THE BLOG
08/12/2014 11:49 am ET Updated Oct 12, 2014

Save the Lobbyists!

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K Street has taken to the courts, insisting that somewhere in the Constitution it reads that lobbyists have a right to serve on government-established advisory committees that provide consultation to government agencies. After fighting this issue for four years, it looks like the Office of Management and Budget (OMB) is about to surrender to the lobbyists.

On June 18, 2010, in a move that had once again left the lobbying profession fuming, President Obama asked federal agencies to remove all registered lobbyists from federal advisory committees. Every federal agency complied with the request.

There were 915 such advisory committees in existence with about 60,000 members, each of which is created and accountable to the specific agency they advise. As such, there was no central database of how many registered lobbyists served on these committees, but the number was substantial. Among the 16 Industry Trade Advisory Committees (ITAC) that give business a voice in U.S. trade policy, for example, the committees were staffed by 130 registered corporate lobbyists -- about a third of the total membership.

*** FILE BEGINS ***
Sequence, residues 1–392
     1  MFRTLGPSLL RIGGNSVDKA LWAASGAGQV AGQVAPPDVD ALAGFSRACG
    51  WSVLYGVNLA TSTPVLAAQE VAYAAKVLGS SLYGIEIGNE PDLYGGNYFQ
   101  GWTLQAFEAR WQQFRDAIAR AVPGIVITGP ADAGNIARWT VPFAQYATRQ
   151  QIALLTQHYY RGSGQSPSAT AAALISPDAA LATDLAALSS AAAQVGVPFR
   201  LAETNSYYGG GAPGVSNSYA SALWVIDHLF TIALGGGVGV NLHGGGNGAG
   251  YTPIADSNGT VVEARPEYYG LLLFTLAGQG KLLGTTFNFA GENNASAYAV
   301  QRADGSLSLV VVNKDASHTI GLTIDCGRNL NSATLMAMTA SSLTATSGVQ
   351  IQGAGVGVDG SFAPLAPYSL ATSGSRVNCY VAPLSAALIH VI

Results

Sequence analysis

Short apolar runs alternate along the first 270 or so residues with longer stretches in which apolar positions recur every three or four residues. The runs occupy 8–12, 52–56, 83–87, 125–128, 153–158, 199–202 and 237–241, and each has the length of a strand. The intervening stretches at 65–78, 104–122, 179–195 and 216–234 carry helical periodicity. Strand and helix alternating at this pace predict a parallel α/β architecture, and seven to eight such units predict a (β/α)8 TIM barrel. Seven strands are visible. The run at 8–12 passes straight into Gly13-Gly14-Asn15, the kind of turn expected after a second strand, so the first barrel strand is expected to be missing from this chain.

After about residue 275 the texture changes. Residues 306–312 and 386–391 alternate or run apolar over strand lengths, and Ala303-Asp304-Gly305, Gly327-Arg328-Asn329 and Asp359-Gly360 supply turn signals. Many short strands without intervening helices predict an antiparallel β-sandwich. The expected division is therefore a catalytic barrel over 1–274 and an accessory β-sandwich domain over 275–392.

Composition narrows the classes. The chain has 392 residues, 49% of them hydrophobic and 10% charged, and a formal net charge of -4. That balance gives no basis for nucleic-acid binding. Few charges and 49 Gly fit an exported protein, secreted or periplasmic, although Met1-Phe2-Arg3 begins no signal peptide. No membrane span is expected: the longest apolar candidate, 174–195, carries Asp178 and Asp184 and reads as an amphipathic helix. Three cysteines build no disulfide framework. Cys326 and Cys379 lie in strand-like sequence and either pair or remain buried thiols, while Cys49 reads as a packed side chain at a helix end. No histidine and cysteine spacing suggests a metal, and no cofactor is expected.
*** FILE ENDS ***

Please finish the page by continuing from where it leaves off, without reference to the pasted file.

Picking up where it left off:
The ITAC lobbyists expelled from the committees filed suit Autor v. Pritzker. These included lobbyists from the retail, luggage, apparel, textiles and chemical manufacturing trade associations. A federal district court earlier ruled in Obama's favor, noting that serving on an advisory committee is a privilege, not a constitutional right. A federal appellate court in January remanded the case back to the district court for reconsideration.

OMB will issue a notice of revised guidance on banning lobbyists from advisory committees on August 12 -- which, in the end, reverses the lobbyist restriction. The new guidance proposes keeping the ban in place for lobbyists serving in an "individual capacity" -- in other words, as representing only themselves -- but ending the ban for lobbyists serving in a "representational capacity" -- in other words, as hired guns. The guidance takes effect immediately.

Many of the lobbyists have no particular expertise in the field other than what they learned when brought onboard by a company as a hired gun. More importantly, unlike any other members of advisory committees, registered lobbyists receive personal financial rewards for sitting on these committees. They can, and often do, tout their special access to government officials on their resumes to attract high-paying clients.

We all know that advisory committees, and American public policy generally, have been woefully inadequate without the genius of corporate lobbyists telling us what to do.

Besides, if corporate lobbyists cannot serve on advisory committees, they could lose a very profitable avenue for raising fees and soliciting clients. That, the lobbyists tell us, is unfair and unconstitutional.

Save the lobbyists!